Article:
FTC Begins Enforcement

Mobile apps are not immune from federal law.  Federal Trade Commission (FTC) Commissioner Julie Brill told a meeting of the American Bar Association (ABA) in early August that "The screen is small, but Section 5 applies."  Section 5 of the FTC Act prohibits unfair and deceptive trade practices and serves as the legal basis for most of the FTC's privacy enforcement actions.  The FTC has recently begun to focus increased attention on mobile apps, and although to date, the FTC has not brought a Section 5 enforcement action against a mobile app for an unfair or deceptive practice, it seems only a matter of time.

Indeed, the FTC very recently brought a case against a mobile app developer, but under the Children's Online Privacy Protection Act (COPPA) and not Section 5.  On August 15, 2011, the FTC announced that W3 Innovations, LLC, a developer of mobile applications for the iPhone and iPod Touch, will pay $50,000 as part of a consent decree to settle charges that it illegally collected information from children without first obtaining parental consent.  This is the first time that the FTC has charged a mobile application developer with violating COPPA.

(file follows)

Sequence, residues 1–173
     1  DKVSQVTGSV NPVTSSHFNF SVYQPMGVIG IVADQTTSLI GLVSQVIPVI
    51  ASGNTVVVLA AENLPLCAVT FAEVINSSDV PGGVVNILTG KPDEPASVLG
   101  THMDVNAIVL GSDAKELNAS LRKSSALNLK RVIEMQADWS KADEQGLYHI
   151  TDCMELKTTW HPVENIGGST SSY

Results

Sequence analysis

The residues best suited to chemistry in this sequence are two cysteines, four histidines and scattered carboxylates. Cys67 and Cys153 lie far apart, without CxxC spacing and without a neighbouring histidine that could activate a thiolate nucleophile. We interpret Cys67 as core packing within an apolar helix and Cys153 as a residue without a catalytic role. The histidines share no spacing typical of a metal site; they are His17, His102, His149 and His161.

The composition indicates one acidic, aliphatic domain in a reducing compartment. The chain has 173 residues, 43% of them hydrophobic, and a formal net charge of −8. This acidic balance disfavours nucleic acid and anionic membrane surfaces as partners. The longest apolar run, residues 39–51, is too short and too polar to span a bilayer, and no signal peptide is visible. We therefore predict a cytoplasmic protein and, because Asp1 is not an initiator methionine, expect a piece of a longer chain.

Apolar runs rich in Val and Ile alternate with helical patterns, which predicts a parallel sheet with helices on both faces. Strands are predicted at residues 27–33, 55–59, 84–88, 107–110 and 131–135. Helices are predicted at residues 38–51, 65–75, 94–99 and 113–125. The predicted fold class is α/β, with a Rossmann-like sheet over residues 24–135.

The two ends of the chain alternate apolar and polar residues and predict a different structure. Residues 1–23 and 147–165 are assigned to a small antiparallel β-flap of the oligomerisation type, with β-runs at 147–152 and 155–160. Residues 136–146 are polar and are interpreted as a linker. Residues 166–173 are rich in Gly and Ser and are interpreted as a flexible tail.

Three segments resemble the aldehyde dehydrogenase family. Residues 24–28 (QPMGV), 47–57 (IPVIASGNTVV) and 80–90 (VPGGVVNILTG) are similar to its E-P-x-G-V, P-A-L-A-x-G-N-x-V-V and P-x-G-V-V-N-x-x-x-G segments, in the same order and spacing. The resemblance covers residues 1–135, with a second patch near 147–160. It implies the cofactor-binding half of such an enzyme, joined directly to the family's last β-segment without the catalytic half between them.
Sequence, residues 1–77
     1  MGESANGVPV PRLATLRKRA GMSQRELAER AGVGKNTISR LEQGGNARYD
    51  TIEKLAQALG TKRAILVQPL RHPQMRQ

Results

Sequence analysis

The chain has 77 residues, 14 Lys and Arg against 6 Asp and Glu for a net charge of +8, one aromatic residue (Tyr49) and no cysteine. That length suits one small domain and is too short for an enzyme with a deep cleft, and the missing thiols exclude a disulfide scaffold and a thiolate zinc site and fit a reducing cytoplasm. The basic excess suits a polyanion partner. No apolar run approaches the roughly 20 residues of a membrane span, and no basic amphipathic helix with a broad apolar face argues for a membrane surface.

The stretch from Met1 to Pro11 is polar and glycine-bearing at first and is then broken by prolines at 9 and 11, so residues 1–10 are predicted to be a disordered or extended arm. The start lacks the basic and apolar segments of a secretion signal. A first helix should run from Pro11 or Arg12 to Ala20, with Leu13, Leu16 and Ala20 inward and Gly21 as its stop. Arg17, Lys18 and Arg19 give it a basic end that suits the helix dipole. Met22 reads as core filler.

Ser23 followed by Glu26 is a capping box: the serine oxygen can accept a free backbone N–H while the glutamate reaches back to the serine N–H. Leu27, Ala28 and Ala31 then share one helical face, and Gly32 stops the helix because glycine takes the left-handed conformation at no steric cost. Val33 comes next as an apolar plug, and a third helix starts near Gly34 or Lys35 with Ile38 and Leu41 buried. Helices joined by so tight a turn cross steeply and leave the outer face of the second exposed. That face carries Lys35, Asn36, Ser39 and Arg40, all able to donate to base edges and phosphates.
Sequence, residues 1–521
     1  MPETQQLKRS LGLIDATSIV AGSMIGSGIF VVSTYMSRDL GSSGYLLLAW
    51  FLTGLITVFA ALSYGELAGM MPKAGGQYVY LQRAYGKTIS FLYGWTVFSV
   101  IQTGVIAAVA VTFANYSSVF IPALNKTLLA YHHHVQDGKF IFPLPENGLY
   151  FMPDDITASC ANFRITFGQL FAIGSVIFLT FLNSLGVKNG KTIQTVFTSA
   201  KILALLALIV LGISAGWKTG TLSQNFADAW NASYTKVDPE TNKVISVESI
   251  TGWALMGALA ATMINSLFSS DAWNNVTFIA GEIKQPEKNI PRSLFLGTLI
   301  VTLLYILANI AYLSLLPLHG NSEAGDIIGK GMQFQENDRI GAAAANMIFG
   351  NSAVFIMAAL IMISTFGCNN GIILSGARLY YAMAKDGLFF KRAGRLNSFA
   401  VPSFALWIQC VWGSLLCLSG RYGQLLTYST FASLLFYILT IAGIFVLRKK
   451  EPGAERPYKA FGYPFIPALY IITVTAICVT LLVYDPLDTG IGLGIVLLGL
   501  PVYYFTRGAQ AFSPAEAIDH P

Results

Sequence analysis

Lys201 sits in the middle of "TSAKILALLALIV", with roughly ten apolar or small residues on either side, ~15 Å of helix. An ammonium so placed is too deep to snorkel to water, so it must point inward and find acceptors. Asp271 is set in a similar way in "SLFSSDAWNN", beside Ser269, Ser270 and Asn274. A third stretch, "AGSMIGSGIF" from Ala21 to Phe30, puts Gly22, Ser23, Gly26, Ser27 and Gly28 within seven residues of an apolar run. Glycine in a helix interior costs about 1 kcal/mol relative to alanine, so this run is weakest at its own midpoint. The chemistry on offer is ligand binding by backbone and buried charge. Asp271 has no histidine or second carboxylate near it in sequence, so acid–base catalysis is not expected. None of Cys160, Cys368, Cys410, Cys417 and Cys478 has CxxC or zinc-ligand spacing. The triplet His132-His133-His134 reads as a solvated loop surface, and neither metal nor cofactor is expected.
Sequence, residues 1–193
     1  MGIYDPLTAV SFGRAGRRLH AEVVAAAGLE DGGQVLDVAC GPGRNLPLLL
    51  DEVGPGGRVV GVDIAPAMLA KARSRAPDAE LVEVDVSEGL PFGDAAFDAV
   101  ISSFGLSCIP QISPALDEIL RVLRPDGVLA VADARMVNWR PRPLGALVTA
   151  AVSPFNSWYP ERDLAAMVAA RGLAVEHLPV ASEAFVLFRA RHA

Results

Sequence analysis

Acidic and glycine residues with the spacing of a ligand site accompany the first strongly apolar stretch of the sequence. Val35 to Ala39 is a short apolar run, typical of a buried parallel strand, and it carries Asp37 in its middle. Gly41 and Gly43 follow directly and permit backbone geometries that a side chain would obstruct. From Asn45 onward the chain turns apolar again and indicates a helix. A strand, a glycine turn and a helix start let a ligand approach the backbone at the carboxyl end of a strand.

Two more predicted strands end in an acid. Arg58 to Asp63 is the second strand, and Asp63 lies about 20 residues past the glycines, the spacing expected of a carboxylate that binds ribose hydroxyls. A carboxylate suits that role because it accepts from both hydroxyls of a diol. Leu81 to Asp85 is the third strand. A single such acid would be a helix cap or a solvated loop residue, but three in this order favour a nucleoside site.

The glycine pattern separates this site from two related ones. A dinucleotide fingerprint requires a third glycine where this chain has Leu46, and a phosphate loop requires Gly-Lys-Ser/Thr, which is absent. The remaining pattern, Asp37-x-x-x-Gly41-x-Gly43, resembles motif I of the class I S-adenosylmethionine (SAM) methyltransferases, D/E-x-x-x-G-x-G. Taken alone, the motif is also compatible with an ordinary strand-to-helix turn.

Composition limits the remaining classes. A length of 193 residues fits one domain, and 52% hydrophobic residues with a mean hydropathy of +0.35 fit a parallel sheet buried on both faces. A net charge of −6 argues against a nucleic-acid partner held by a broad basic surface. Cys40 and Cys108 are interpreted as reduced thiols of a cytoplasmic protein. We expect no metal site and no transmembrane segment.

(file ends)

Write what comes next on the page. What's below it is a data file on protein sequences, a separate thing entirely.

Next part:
Under COPPA, a website operator may not collect via the Internet personal information (such as a first and last name, address, phone number, e-mail address or Social Security number) from children under 13 without first obtaining "verifiable" consent from their parents.  Additionally, website operators that collect personal information from children are required to post an accurate privacy policy online.

The FTC alleged that W3 Innovations used its "Emily" character-themed applications to collect thousands of e-mail addresses from underage children who it had encouraged to e-mail "Emily."  It also allowed users to post personal information on public message boards.  The FTC charged that because the applications send and receive information over the Internet, they are subject to COPPA.  In settling the case, the defendants agreed to a number of reporting and recordkeeping requirements.

What Should Mobile App Developers Do?